Ponemon Institute research found that organisations continue to invest little or nothing on application layer security when compared with other areas of enterprise security. Also, just recently, a SAP statement on Forbes magazine claimed that 84% of cyber-attacks now occur on the application layer.
Even with PCI DSS regulations in place, it’s been possible to decrypt credit card data in some applications as far back as 2011.
“To be frank, with the method of this heist – over 100 people and 14 000 transactions – I can bet that my suspicions of potentially more card details being exposed is a valid suspicion,” says Ogunkoya.
He paints a scenario of what he believes probably happened at the Tier 1 Bank:
* Bulk card details were compromised at the application layer using known/disclosed or zero-day vulnerabilities;
* The bulk compromised card data was then decrypted and filtered;
* The filtering was most likely done using parameters like regular travellers or high net worth spenders in order to avoid raising suspicions in the fraud anomaly detection system;
* These filtered cards were then skimmed/recreated;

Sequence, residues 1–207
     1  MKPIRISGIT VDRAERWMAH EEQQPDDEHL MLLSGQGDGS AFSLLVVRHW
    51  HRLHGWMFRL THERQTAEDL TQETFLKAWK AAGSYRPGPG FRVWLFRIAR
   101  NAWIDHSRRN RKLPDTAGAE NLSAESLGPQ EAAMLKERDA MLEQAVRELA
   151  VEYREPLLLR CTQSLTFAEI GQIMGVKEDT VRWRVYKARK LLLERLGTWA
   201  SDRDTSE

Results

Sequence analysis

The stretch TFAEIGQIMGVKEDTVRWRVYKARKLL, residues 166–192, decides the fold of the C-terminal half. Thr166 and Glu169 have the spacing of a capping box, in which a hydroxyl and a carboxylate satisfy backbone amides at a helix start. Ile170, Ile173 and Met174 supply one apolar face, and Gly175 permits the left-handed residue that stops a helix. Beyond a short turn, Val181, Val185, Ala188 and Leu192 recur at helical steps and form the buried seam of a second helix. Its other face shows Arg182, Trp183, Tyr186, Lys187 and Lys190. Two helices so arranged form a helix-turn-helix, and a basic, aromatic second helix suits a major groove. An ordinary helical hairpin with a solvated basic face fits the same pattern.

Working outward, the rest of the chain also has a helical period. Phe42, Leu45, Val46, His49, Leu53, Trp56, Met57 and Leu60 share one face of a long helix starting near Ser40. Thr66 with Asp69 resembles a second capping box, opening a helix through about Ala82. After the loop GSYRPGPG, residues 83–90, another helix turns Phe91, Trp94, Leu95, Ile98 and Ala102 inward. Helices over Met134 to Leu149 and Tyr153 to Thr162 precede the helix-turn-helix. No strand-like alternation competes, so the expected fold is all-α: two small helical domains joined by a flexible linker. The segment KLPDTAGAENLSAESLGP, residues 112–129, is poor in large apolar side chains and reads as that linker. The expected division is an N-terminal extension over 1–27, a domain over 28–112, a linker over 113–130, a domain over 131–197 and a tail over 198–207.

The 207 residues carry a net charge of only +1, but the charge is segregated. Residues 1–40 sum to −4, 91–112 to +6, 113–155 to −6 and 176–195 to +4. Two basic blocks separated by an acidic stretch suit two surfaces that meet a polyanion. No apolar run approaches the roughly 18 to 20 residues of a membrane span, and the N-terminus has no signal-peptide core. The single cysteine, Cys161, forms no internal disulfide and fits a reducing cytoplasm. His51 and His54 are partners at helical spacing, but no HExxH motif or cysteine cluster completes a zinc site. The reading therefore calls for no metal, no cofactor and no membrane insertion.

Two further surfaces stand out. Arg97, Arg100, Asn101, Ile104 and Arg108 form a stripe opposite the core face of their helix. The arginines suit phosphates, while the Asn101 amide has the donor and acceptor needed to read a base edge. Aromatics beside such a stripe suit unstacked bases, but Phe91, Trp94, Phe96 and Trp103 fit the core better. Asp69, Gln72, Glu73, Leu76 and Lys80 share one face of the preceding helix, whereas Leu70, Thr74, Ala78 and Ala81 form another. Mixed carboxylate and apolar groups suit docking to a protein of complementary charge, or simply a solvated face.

* After skimming the cards, physical “pawns” were recruited for the cash withdrawal/collection exercise;
* Cash collection was ordered between the targeted hours of 5am and 8am in Japan –  or 10pm and 12-midnight in South Africa, the least responsive time in both countries.
“To simply hope – as we do in Africa – that no such heist will happen again is simply not wise,” says Ogunkoya. “Rather, as it is likely there will be more attacks of this nature, we advocate checking all areas of Application Security in mission critical applications benchmarking them against third-party frameworks.”
Regardless of how the heist happened, Ogunkoya says attacks like this could have a long-term impact regarding the confidence of investors, customers and partners of this particular Tier 1 bank in Africa.
While firewalls, intrusion detection/prevention systems and anti-virus software are main go-to mechanisms for blocking attack vectors, no protection method is totally attack-proof, he adds.
“We must note that while this bank, like any forward thinking bank, will continue to do many things right from a cyber-security perspective, we must come to terms with our new world reality: with 84% of cyber breaches occurring at application layer,  a defence method that is effective today may not necessarily be so by tomorrow.
“This is an obvious conclusion because hackers are constantly updating attack vectors – and seeking new ones – in their quest to gain unauthorised/unauthenticated access to applications, which are mostly ignored in terms of actionable budgets. These breaches can certainly affect the economic balance of corporations, as well as nations,” says Ogunkoya.